Amazon: 33,300 More Mouths To Feed
The 24% year-to-date plunge in Amazon (AMZN) shares is, by itself, not so significant in the stock’s volatile and curious history.
Between October 14, 2011 and the end of that year, for instance, Amazon shares fell 30%. But each price break is certainly time to reassess one of the most bizarre and fascinating companies in recent American history. As we’ve written about repeatedly – see YCharts’ Amazon library here – investors are so enamored of the company’s sales growth and how cool and disruptive its business model is, that lack of profits hasn’t been much of a problem for the stock. Until it is. Maybe that moment is now, or at some point in the not-too-distant future. So, some discussion of business fundamentals is in order.
For starters, there is no arguing that Amazon is upending the retail order, forcing giants like Wal-Mart (WMT), Target (TGT), Best Buy (BBY) and many others to invest heavily in online operations and to simultaneously cut their prices, squeezing profit margins that at this point in an economy recovery ought to be widening.
The transparency of the web allows consumers to price compare endlessly. And as Amazon and others such as Alibaba have broadened their product offerings, there has been increasingly fewer items traditional retailers can enjoy fat margins on.
Truth is, Wal-Mart’s heart isn’t in this shift of business model, nor is Target’s or Best Buy’s, so Amazon is scooping up sales and market share aggressively, even if its own margins are bad or non-existent.
To keep the sales growth going, Jeff Bezos, Amazon’s founder and CEO, is throwing a lot stuff at the wall: (just reading the “highlights” of an Amazon quarterly earnings release, a section that typically ignores anything related to earnings and instead trumpets new and improved customer offerings large and small, can be exhausting) getting into the delivery business to enable same-day service; hooking Prime users up with old HBO content like The Sopranos; reportedly developing its own smart phone line.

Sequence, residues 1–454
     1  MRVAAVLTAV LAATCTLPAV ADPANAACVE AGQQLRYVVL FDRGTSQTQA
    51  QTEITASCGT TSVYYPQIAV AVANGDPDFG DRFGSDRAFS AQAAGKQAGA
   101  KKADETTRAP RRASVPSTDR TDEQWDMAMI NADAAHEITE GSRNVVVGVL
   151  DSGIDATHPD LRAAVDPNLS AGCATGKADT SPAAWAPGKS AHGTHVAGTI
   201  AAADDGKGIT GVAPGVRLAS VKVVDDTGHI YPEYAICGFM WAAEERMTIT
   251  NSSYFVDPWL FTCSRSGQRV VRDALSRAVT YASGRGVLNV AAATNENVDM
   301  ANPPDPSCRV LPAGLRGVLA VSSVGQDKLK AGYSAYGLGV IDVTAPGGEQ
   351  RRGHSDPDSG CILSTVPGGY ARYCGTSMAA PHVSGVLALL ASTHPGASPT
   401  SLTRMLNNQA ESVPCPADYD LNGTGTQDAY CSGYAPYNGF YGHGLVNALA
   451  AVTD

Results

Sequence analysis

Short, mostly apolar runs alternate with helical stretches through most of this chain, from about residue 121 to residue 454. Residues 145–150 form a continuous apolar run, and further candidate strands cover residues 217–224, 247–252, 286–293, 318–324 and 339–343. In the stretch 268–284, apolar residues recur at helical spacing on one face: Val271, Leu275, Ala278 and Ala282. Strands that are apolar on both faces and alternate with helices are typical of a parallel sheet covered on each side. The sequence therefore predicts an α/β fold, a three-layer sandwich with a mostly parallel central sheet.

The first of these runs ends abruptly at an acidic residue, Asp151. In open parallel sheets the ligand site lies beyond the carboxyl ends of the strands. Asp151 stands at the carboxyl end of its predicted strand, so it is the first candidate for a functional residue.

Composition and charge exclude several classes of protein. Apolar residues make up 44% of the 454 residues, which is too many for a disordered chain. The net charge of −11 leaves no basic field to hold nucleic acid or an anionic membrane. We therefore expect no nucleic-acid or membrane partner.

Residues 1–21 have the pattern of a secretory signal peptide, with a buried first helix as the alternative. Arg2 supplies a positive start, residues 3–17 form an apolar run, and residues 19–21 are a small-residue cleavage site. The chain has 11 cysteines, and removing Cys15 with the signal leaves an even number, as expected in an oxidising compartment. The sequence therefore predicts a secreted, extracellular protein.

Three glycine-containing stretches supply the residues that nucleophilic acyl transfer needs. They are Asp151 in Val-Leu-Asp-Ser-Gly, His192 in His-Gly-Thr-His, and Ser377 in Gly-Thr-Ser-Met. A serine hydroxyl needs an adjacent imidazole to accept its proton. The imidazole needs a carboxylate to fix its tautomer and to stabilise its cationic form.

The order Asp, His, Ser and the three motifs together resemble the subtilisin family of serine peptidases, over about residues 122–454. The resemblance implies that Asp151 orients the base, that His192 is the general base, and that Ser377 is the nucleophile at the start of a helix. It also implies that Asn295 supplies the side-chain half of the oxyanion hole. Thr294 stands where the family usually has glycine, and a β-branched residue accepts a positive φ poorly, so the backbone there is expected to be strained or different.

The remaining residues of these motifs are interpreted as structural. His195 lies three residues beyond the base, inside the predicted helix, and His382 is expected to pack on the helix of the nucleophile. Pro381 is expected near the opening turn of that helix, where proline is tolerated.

Look at all of our ideas, Bezos seems to be saying, and please ignore the accompanying financial data. In the data, we find suggestions that economies of scale are, for now at least, eluding Bezos. Net shipping costs as a percentage of sales, which had been bouncing around at 4.6%-to-4.7% in recent quarters, rose to 5.0% in the first quarter. Net property and equipment on the balance sheet rose 60% vs. a year ago, reflecting the investment binge required to keep sales growing. And employment was up 36% year-over-year, to 134,600, out-racing sales that grew 23% in the latest quarter.
So, Amazon added 33,300 workers (excluding the tens of thousands of temps it uses during the holiday season) during the last twelve months. That’s roughly the total employment of eBay (EBAY), Goldman Sachs (GS), Texas Instruments (TXN), Cintas (CTAS) or Directv (DTV).
And some of these companies produce real profits with those workers.
At 124,600, Amazon’s total employment is roughly equal to that of Johnson & Johnson’s or Procter (JNJ) & Gamble’s (PG). Granted, most of Amazon’s workers are lower-skilled and lower-paid, many working in its warehouses. But the operation is becoming plenty complex.
Amazon’s guidance for the second quarter is for sales to grow between 15% and 26%, and anything over 20% would likely be satisfactory for Amazon bulls. But Bezos is also projecting an operating loss, of between $55 million and $455 million, vs. a year-ago operating profit of $79 million. The second-quarter earnings statement will no doubt include a lengthy list of “highlights.” But its actual financial data is also likely to receive closer scrutiny and perhaps an increasingly skeptical eye. Unleash some financial advisor tools to learn more.
Jeff Bailey, The Editor of YCharts, is a former reporter, editor and columnist at the Wall Street Journal and New York Times. He can be reached at email@example.com. Read the RIABiz profile of YCharts. You can also request a demonstration of YCharts Platinum.